Unions want concessions on pay and pension at talks
Public sector unions are expecting major concessions on pay and pensions as talks officially begin today.
Union sources indicated they expect Public Expenditure Minister Brendan Howlin to come to the table with a "fairly simple agreement" which recognises the sacrifices their members made during austerity.
Government sources have signalled Mr Howlin could be prepared to spend as much as €250m reversing pay cuts and reducing the pension levy.
However, this could lead to tensions within the Coalition as sections of Fine Gael believe Mr Howlin should focus on improving services rather than restoring public sector pay.
Union sources said they understand today's discussions will be "getting in to the potential wording" of any agreement while others said they are "not hugely expecting any surprises". Liam Doran, the general secretary of the Irish Nurses and Midwives Organisation (INMO), said that he would like to see a "significant first step as part of this progress", followed by a timetable "with regard to restoring the remaining elements".
"Management is going to have to clearly indicate as part of Government, a timeframe they're intending to fully restore the pay and conditions that were cut over the last five and six years," Mr Doran said.
"We are not attractive to Irish midwives and nurses and the onus is on them to respond to that as part of these talks that are beginning today.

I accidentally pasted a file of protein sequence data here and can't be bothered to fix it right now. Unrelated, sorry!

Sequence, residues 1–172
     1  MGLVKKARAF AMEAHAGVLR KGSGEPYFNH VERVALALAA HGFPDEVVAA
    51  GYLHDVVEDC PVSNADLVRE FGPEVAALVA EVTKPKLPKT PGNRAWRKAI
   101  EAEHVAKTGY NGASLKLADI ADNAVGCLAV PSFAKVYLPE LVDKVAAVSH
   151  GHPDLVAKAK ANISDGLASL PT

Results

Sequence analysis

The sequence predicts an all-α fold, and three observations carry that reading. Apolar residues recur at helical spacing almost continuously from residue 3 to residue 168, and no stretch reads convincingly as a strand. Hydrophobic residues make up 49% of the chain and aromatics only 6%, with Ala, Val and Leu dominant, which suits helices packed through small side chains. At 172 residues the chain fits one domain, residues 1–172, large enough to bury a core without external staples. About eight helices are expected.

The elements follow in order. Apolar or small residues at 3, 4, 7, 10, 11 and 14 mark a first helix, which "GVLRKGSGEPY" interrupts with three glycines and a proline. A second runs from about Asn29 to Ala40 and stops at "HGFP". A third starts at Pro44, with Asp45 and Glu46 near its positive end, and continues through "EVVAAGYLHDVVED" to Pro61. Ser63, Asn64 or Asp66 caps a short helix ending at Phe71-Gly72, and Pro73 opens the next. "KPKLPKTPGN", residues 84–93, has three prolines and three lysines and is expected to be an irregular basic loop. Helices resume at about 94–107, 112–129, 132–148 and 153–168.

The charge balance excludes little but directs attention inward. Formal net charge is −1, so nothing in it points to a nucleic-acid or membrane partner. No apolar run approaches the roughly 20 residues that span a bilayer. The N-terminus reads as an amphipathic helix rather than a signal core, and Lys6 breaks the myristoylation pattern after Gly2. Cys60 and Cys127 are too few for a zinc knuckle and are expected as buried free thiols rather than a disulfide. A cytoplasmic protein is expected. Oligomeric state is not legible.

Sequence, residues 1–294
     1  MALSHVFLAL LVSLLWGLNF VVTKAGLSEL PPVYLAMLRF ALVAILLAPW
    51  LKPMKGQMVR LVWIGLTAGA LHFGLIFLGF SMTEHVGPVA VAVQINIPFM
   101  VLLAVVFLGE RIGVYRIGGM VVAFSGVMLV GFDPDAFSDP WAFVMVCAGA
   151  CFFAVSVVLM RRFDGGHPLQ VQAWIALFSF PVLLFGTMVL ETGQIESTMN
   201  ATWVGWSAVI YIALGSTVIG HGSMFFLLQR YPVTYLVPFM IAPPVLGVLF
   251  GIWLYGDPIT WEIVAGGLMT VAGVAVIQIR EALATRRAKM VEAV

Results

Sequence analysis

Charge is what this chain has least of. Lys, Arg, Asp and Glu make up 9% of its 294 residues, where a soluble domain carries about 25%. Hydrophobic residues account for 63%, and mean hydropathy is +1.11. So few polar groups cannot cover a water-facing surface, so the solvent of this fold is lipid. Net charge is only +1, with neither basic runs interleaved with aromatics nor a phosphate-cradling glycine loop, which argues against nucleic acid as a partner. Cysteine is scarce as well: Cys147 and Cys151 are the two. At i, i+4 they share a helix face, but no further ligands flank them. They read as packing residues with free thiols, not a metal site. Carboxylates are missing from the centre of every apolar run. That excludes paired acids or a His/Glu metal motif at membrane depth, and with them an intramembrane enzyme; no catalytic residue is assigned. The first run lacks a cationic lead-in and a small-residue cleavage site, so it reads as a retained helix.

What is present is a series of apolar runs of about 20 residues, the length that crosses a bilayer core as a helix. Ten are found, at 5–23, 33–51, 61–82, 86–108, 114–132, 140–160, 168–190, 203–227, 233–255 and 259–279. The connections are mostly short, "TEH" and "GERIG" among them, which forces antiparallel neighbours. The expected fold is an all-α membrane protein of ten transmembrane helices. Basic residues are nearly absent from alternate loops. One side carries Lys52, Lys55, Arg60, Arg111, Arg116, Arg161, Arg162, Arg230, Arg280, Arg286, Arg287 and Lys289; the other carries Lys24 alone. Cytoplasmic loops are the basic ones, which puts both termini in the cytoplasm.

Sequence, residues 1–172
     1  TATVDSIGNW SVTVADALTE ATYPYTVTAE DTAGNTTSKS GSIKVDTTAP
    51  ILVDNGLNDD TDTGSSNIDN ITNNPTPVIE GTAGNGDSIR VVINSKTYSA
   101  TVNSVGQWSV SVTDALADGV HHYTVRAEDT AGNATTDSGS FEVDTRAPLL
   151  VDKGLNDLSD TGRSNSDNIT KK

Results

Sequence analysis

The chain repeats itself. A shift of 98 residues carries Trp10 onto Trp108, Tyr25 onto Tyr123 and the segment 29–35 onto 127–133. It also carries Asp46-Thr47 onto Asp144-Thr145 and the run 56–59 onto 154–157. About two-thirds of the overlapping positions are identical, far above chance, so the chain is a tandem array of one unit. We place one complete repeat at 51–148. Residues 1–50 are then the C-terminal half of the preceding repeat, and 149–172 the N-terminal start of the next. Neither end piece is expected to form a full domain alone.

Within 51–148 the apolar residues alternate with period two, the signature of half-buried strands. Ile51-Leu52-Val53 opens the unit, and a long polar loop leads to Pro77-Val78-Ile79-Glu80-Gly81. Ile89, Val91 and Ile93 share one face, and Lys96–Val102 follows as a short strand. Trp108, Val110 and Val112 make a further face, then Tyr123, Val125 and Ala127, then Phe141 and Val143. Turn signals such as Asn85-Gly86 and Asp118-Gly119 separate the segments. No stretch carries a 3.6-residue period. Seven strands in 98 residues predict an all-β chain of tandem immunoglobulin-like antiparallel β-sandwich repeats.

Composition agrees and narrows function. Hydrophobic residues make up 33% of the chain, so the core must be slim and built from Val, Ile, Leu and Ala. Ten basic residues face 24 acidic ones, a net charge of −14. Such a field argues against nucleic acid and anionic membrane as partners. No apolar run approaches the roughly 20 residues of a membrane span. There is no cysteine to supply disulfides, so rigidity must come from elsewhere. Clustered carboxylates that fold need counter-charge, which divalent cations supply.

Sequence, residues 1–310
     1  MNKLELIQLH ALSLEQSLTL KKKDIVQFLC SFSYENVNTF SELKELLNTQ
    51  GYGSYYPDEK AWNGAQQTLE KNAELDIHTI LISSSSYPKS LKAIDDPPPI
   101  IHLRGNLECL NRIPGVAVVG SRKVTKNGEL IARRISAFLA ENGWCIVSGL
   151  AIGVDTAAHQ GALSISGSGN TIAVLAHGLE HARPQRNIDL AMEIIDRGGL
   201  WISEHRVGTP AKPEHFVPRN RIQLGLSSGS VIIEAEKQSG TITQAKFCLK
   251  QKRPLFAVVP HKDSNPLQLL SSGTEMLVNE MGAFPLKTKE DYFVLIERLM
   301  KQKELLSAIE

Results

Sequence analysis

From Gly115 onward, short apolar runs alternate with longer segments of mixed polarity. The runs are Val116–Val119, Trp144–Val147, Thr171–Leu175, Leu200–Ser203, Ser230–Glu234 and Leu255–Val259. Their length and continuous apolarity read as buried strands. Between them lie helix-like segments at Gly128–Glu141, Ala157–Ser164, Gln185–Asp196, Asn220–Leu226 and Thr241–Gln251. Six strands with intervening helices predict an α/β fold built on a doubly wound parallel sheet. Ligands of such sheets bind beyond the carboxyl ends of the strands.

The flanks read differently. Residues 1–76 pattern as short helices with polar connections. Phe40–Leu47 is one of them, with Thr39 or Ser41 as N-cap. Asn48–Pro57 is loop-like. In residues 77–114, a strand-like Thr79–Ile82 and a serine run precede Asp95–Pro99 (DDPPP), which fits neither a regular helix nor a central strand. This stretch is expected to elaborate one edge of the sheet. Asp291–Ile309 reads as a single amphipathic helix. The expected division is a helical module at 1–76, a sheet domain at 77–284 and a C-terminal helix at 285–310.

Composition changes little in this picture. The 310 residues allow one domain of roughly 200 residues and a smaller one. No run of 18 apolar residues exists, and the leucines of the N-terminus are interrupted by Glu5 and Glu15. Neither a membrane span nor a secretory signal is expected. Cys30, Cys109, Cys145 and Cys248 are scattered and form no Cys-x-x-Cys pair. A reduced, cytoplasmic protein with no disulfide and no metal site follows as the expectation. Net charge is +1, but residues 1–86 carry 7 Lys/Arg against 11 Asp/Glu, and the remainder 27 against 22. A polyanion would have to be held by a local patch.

Terence Casey, the general secretary of Medical Laboratory Scientists Association, said the key issue for his organisation is "some kind of pay restoration".
"The other issues are there, such as the hours and a few other aspects that we would have as well. But the general feeling is around some modicum of pay restoration because we had quite a significant ask of us during the Croke Park and Haddington Road agreements in particular," he added.
"We had changes to our on-call, out of hours arrangement that would have brought €10m in savings, so there has been a significant loss in earnings for our members," he added.
Prison Officers Association deputy secretary general Jim Mitchell said they are "looking to get money back for our members".
"We have given huge degrees of change and reform over the last few years for nothing - actually for pay cuts," he said
"We are looking to try and regain lost ground, particularly money wise. Money is the primary thing for our people, to try and get back somewhere along the lines."